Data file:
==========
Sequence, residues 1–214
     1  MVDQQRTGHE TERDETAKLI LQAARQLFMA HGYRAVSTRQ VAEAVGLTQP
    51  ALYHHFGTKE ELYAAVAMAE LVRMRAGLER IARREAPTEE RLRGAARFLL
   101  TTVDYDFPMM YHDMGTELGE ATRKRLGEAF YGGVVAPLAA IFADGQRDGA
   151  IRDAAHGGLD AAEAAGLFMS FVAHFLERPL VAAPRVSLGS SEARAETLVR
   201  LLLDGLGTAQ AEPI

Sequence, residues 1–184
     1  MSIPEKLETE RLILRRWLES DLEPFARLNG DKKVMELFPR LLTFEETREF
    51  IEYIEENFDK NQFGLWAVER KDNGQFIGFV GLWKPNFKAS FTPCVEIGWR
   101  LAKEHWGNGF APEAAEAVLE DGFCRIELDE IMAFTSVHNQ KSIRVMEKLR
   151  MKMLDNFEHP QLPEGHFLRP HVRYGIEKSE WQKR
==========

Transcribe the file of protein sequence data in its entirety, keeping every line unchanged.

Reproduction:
Sequence, residues 1–214
     1  MVDQQRTGHE TERDETAKLI LQAARQLFMA HGYRAVSTRQ VAEAVGLTQP
    51  ALYHHFGTKE ELYAAVAMAE LVRMRAGLER IARREAPTEE RLRGAARFLL
   101  TTVDYDFPMM YHDMGTELGE ATRKRLGEAF YGGVVAPLAA IFADGQRDGA
   151  IRDAAHGGLD AAEAAGLFMS FVAHFLERPL VAAPRVSLGS SEARAETLVR
   201  LLLDGLGTAQ AEPI

Sequence, residues 1–184
     1  MSIPEKLETE RLILRRWLES DLEPFARLNG DKKVMELFPR LLTFEETREF
    51  IEYIEENFDK NQFGLWAVER KDNGQFIGFV GLWKPNFKAS FTPCVEIGWR
   101  LAKEHWGNGF APEAAEAVLE DGFCRIELDE IMAFTSVHNQ KSIRVMEKLR
   151  MKMLDNFEHP QLPEGHFLRP HVRYGIEKSE WQKR